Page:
Pre-workouts are a supplement that you mainly take before exercise in order to boost energy levels and maximize gains. They are therefore frequently used for added motivation or before a particularly difficult workout – like leg day!
Due to the popularity of pre-workouts, they come in a variety of forms including powders, drinks, and pills. These products contain different ingredients depending on their manufacturer, but some of the most common ones include caffeine, L-Carnitine, and creatine.
Although pre-workouts give a boost of energy which makes them popular amongst gym goers, these products do have some potential side effects.
If you’ve ever taken pre-workout, you may have experienced what some people call ‘pre-workout sickness’. But, can pre-workout make you sick, or is it just coincidental?
Below, I’ve answered these questions and discussed whether pre-workouts can make you sick and what you can do if you are experiencing side effects when taking them.
Also, check out this video which gives a great overview of what pre-workouts are and how they work:
Can Pre-Workout Make You Sick?
Pre-workout products can make you sick. Side effects from pre-workout products include insomnia, heart palpitations, and gastrointestinal issues like nausea and diarrhea. These side effects can be caused by the ingredients that these products contain, as well as the dosage of these ingredients.
To expand on this more, taking a pre-workout supplement can cause side effects.
If you follow the correct dosage guidance, then these side effects are unlikely to be harmful and most are relatively mild and short-term. If however, you take too much pre-workout or have a bad reaction then side effects are very much possible.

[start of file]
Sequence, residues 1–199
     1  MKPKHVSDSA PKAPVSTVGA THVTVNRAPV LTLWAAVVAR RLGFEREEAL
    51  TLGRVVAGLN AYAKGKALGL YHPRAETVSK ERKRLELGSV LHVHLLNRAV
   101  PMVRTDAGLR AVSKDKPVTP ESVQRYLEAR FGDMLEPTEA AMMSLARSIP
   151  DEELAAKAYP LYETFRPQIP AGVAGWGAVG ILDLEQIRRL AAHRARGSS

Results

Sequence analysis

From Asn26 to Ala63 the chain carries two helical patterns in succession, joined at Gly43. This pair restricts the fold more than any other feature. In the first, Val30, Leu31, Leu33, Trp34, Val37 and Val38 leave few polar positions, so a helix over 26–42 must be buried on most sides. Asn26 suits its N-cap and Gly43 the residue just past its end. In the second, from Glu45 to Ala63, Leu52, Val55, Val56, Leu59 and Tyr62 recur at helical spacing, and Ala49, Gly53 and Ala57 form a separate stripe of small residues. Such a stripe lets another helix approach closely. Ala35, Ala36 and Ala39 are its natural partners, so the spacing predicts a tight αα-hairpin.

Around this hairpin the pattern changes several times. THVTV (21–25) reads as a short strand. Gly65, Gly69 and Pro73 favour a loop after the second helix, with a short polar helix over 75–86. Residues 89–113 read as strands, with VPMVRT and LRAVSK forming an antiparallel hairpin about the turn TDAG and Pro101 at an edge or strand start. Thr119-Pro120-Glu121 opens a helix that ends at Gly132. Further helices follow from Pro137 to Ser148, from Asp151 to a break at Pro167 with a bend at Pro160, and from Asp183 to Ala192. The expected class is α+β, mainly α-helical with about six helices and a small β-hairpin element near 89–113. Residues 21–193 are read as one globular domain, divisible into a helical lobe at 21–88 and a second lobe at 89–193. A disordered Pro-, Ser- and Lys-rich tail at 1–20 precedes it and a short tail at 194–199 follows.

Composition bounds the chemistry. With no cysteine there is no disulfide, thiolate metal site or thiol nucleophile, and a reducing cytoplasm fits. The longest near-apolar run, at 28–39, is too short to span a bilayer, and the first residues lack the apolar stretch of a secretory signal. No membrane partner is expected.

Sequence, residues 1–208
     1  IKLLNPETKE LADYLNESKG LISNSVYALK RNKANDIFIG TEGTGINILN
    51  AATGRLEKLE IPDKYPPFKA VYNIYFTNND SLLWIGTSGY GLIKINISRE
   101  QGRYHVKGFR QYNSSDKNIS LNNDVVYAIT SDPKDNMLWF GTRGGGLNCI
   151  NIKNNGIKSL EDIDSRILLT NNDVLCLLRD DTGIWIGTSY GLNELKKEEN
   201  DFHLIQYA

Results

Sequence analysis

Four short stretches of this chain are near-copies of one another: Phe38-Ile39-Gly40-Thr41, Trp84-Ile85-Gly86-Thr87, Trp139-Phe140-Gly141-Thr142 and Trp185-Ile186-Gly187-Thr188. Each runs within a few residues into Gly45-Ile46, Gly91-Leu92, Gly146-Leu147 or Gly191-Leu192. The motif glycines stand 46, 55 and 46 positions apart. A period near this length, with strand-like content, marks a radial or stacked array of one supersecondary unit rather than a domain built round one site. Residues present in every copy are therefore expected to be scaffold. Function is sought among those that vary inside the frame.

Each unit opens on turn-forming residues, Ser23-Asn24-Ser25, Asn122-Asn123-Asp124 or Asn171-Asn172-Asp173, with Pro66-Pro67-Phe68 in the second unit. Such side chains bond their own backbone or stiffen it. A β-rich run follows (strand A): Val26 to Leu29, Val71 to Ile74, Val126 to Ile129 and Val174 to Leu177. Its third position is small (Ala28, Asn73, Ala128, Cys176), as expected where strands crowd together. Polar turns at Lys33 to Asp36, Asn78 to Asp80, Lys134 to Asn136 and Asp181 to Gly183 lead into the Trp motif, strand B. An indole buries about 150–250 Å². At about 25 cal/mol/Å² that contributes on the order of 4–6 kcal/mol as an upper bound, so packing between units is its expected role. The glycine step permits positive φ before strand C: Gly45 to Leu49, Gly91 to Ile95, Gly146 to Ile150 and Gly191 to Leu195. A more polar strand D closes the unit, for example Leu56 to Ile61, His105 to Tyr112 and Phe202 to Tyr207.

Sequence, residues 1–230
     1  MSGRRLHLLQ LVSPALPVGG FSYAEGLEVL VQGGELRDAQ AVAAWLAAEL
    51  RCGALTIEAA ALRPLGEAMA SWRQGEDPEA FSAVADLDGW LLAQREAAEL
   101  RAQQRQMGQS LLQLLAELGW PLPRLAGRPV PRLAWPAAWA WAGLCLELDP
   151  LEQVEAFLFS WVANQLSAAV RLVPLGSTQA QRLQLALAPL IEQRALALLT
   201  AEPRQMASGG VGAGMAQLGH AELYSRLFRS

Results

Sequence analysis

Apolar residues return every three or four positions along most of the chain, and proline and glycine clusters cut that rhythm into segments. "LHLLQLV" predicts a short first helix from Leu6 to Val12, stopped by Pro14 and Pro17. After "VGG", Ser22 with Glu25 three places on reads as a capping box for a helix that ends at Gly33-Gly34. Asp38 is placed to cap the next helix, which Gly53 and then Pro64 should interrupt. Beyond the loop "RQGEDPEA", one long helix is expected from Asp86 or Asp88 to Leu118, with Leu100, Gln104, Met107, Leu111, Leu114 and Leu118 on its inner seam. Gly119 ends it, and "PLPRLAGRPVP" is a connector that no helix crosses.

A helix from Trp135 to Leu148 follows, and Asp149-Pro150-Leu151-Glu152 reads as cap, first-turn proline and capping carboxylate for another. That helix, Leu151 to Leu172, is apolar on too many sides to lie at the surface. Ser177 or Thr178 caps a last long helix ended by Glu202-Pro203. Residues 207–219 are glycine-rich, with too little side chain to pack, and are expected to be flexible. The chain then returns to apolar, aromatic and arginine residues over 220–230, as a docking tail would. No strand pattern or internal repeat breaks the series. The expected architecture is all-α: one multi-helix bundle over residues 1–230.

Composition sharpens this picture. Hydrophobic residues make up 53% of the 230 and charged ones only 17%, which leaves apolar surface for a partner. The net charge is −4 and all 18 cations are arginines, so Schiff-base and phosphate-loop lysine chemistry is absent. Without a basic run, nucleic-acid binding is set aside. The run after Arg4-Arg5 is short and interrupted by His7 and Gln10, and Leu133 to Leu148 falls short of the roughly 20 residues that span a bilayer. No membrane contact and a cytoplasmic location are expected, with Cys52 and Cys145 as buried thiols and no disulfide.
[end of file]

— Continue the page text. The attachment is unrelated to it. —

One possible side effect of pre-workout supplements is gastrointestinal issues which people have described as ‘pre-workout sickness’.
This may be due to the high levels of caffeine that pre-workout supplements contain. Caffeine may cause higher levels of stomach acid, particularly if you have a sensitive stomach. Stomach acid plays an important role in the body, enabling it to break down food.
However, when levels become too high it can irritate the stomach. This can lead to gastrointestinal issues such as nausea and abdominal cramps.
As caffeine is a stimulant, it can also trigger your digestive tract. This can cause contractions which can have a kind of laxative-like effect. This is why many people need the toilet soon after having a caffeinated beverage. This obviously isn’t ideal when you’re planning to workout!
While it’s a serious topic, I bet you (or someone you know) have had a case of a bad stomach in the gym after taking one scoop too many of a potent pre-workout and needed to run to the toilet mid-set.
Funny story, just not funny at the time!
As many of these gastrointestinal symptoms have been associated with caffeine, you might think a stimulant-free pre-workout wouldn’t cause pre-workout sickness.